- Mississippi State Bulldogs - January 17, 2017 - 7:00 PM EST - Humphrey Coliseum, Starkville, Miss. - ESPN
If you ask Darius Miller, the dip in his 3-point shooting numbers this year is a technical problem.
“I was kind of holding it at the top of releasing it on the way up,” Miller said Tuesday after Kentucky’s win over Samford. “I was kind of rushing shots, too, just hurrying up to shoot instead of taking my time to shoot the shot.”
If you ask John Calipari, he’ll tell you it starts with Miller’s aggressive mentality.
“As he starts playing more and more aggressively, rebounding, defending, bumping, grinding, he will make more 3s,” Coach Cal said. “He will be more of an aggressive 3-point shooter.”
As Calipari explains it, when you’re getting beat on defense, “when you go to shoot the ball, you’re like a deer in headlights.”
“So when you’re out there stopping somebody, you dive on the floor for the ball, you rebound one above the rim, they throw you the ball, you nail the 3,” Calipari said.
Whatever the case may be, Miller may be finding his groove. Miller nailed three of his six 3-point shots Tuesday night in the 82-50 win over the Bulldogs. Starting in the place of the injured Terrence Jones, Miller was assertive early and finished with 17 points.
Entering the game with a 24.2 percent clip from 3-point range, Miller said it felt good to see his shots finally fall through the hoop.
“I’ve got to keep it going,” Miller said. “I’ve got to continue to knock down shots, especially when my teammates do a great job of finding me open.”
After turning into one of the nation’s most reliable 3-point shooters last year when he hit 44.3 percent from the beyond the arc, Miller didn’t hold back Monday when he called his shooting numbers this season “terrible.”
“It’s not going to continue to be that way,” Miller said confidently after the Samford game. “When I get that going, I feel like it’s another dimension for us, another threat for us. It really helps out myself getting to the lane and other things like that.”
Vargas making most of opportunitiesCoach Cal has posed a question to senior forward Eloy Vargas: Can you wait for your opportunity? Can you be patient enough to bide your time? Will you make the most of it when that opportunity comes?
In 17 minutes of action against Samford, Vargas did. Without Jones in the lineup, Vargas collected seven rebounds, one short of his career high, and scored two points.
“I like what he did today,” Calipari said. “He kept a lot of balls free. … We even went at him offensively and he scored the ball. He’s getting better.
Vargas, when he’s gotten in the games, has shown a much-improved skill set and physicality than what he did last season in his first year at UK. A junior-college transfer out of Miami-Dade Community College, it took Vargas most of last season to readjust to Division I basketball (he played his freshman season at Florida) and understand what Calipari wanted out of him.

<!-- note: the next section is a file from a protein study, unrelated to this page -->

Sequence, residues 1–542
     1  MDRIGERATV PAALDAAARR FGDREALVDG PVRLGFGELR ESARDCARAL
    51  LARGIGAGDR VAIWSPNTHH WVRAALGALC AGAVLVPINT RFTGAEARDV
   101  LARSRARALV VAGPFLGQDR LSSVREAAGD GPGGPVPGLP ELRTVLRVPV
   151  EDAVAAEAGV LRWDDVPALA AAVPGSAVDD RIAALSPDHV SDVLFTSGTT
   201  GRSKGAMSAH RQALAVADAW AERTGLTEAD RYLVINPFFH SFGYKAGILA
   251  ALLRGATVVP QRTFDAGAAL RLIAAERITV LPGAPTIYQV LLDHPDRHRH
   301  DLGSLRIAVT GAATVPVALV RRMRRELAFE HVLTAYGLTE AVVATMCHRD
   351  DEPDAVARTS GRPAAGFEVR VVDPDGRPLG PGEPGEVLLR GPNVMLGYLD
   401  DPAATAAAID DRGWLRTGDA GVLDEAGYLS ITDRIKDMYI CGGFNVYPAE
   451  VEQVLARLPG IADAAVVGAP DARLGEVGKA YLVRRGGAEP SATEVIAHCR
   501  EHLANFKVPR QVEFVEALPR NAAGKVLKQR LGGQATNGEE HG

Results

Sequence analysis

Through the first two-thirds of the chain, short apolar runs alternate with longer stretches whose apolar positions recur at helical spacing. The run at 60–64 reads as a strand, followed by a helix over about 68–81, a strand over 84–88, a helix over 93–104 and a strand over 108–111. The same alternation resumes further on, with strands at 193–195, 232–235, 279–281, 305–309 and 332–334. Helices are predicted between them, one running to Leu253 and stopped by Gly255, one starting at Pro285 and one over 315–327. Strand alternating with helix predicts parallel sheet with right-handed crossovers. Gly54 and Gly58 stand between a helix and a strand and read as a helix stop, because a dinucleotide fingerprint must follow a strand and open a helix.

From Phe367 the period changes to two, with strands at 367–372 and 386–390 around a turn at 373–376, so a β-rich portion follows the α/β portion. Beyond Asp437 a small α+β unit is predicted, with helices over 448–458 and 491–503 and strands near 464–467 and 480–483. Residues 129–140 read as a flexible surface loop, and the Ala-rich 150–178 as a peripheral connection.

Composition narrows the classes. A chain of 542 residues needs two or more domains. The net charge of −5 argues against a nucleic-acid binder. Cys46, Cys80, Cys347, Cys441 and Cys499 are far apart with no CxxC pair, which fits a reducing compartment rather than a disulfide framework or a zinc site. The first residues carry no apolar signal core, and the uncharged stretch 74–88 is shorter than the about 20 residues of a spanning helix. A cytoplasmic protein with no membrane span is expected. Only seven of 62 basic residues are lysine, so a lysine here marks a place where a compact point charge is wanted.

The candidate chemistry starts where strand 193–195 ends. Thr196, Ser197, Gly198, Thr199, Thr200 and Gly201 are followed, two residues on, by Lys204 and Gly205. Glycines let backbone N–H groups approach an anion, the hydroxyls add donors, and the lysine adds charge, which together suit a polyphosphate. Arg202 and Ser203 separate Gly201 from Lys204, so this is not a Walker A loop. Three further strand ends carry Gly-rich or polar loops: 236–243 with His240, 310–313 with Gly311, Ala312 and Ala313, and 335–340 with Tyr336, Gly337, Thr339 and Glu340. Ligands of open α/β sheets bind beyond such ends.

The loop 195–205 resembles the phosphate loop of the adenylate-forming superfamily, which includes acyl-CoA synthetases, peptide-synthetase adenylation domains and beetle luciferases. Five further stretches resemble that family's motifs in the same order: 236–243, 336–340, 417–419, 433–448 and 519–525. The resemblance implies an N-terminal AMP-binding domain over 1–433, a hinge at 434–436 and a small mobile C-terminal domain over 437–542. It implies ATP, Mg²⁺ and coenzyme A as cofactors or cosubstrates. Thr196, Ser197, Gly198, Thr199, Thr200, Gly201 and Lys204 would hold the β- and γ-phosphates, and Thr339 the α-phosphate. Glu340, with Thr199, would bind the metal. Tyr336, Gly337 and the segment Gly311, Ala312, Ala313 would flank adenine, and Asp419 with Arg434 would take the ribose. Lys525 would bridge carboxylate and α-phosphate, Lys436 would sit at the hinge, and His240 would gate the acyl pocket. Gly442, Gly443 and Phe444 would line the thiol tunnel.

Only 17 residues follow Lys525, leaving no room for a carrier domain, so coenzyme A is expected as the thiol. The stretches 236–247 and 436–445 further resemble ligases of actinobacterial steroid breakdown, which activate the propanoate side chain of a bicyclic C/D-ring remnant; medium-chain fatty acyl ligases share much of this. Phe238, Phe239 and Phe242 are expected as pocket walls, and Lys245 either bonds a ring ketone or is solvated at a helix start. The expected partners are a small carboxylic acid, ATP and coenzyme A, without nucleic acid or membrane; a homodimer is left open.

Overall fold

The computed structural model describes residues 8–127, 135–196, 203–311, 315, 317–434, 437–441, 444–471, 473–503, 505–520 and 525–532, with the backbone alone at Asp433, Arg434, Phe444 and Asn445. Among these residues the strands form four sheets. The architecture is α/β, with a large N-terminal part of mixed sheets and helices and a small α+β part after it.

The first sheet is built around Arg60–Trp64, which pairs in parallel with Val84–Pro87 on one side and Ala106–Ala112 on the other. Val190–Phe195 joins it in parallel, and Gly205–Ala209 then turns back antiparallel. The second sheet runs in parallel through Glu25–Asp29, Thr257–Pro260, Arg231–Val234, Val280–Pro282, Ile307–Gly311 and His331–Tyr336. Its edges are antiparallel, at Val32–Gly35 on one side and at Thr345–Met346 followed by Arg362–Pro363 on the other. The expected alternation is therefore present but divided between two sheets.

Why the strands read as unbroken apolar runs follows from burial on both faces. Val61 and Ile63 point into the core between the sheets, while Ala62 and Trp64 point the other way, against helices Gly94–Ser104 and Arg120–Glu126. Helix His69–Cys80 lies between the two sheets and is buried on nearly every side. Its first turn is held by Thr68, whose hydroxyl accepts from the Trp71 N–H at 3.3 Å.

Calipari has been pretty pleased with Vargas’ development this year and has played him 38 minutes over the last three contests.
“Eloy Vargas is going to have his opportunities,” Calipari said. “Can he stay focused so when they come he’s ready to go and he’s ready to prove that he should be playing more?”
Calipari referred to a former player of his at Massachusetts who he did not play all year until the Final Four game against Kentucky. Calipari inserted him into the game, he played well and earned a contract to play in South America for the one-time performance.
Vargas can do the same, Calipari believes, only with more opportunities.
“What Eloy’s doing is he’s biding his time and he’s waiting,” Calipari said. “I just want him to do well. By the end of the year, he’s one of those guys when we go to him, he physically can play.”
Malone still part of the team
Barring a miraculous recovery, freshman walk-on Sam Malone won’t play another minute this season for Kentucky after tearing his anterior cruciate ligament in his left knee. It’s his fourth knee injury in his playing career.
After the Samford game, Calipari expanded upon a statement he released Tuesday on Malone’s injury.
“I feel bad for the kid, but like I told him last night, life throws you curves, man,” Calipari said. “Fate intervenes in our lives sometimes and you have to deal with it and use it as a positive.”
Malone made the most of his first year as a walk-on at UK, scoring six points in 13 minutes. He became a fan favorite for his late-game scores.
“I said, ‘You’ve come here and established who you are in a short period of time and you’re still going to be part of our team and part of our family. You’re in one of the best programs, if not the best in the country, and you’re a part of that team,’ ” Calipari told Malone. “So, he did well.”
The Scouting Report with Coach Robic (Samford)